The Xperia L2's lineage can be traced back to the Xperia E all the way back in 2012, but let's not get into ancient history. Sony's press materials only go two generations back to highlight how the E5 morphed into the L1, which now gets a due replacement that brings several notable improvements.
Being our usual superficial selves, we'll start with the looks. The L-series gets a design makeover to make sure it doesn't look out of place next to the XA2s (and, by extension, whatever models there are to come). It pulls it off nicely, minus the high-end sheen and feel of aluminum - the L2 is all plastic, not just the back like the XAs.
There's a fingerprint reader on the back too. Those are ubiquitous now and it's good that Sony didn't cheap out and skip it for its entry-level phone. Every phone should have a fingerprint reader these days. And a USB-C port, but that's a different matter. Sony got that sorted with the L1 already, and the L2 follows suit.
The shapes are mimicked truthfully - the curvature of the back is there, and the protective top and bottom edges stick out above the display glass just the same. The glass is flat-flat, though, the fluid effect of the XA2s didn't make the budget.
The display itself is a 5.5-inch 720p unit, just like on the last generation. It's clearly not of the same caliber as the panels on the XA-series, but if testing proves it to perform similarly to last year's model, there'll be no complaints given the L2's market segment.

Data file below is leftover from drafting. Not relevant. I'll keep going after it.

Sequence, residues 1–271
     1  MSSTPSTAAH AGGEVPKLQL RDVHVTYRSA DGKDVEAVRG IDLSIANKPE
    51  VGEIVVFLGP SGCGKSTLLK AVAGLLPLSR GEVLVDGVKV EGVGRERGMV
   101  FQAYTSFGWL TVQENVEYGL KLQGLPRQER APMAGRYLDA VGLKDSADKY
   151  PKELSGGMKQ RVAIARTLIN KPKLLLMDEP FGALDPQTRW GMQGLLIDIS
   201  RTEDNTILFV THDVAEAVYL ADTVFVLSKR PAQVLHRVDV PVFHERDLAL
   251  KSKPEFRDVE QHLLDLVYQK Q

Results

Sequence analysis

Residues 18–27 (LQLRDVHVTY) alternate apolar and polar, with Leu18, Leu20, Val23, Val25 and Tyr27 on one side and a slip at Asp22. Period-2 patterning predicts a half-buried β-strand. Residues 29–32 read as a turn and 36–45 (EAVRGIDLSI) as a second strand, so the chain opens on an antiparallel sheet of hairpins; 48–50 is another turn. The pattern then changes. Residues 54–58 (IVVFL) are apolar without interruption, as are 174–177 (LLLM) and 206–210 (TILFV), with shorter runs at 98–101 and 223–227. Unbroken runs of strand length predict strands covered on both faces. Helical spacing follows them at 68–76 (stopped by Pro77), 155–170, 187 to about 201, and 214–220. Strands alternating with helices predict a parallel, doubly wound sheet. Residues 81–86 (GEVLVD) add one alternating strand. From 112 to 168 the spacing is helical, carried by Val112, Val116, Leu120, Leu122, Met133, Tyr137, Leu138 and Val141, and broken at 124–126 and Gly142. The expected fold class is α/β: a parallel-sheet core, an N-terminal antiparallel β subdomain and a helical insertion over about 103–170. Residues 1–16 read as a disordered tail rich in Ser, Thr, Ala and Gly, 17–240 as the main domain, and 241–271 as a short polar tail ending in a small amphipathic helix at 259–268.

Sony's all about ultra wide selfies this year and the L2 has the same 8MP 120-degree front-facing cam as its more esteemed brethren. Good for you, L2.
It's gotten a little wider, the L2, a whole 4mm compared to last year's model - that, we're not thrilled about.
What does resonate nicely around here is the battery capacity - 3,300mAh is a solid upgrade over last year's 2,620mAh. And with 3GB or RAM and 32GB of storage the L2's specsheet quite well rounded. Okay, the Mediatek MT6737T chipset with a quad-core CPU isn't spectacular, but it does a decent job, and we can't really have it all.
With the phones we also got to have a look at a small selection of flip cases for the Xperia XA2 and XA2 Ultra, with model names SCSH10 and SCSH20, respectively. Flip cases are a love it or hate it type of thing, and looking around the office the second group seems a lot more heavily represented.
Our preferences aside, Sony's cases have magnets on the front that wake the phone up when you flip the case open, and similarly send it to standby when you close the thing. They can also double as a kickstand. On the outside they're made of a faux leather material that is soft to the touch.
Mind you, the Ultra's case weighs in at 70+ grams, and together with the phone the ensemble is pushing 300g. And since the phones themselves are not very svelte, adding more than a few extra millimeters does make them quite bulky. They will be protected, that's for sure, especially if you leave them at home because they don't fit in your pocket.
Sony's wasting no time kicking off the year 2018 - CES in January marks the announcement of the Xperia XA2 and XA2 Ultra midrangers, plus an L2 lower down the ranks. After the brief time we got to spend with a few early units of the three models, you can label us excited.
The Xperia L2 is a well-specced entry into the Sony brand, the XA2 Ultra stays true to its heritage with a huge screen and a strong selfie game, while the XA2 is once more the easiest Xperia to love. If that's a sign of what's to expect throughout the year, those XZ flagships can't come soon enough.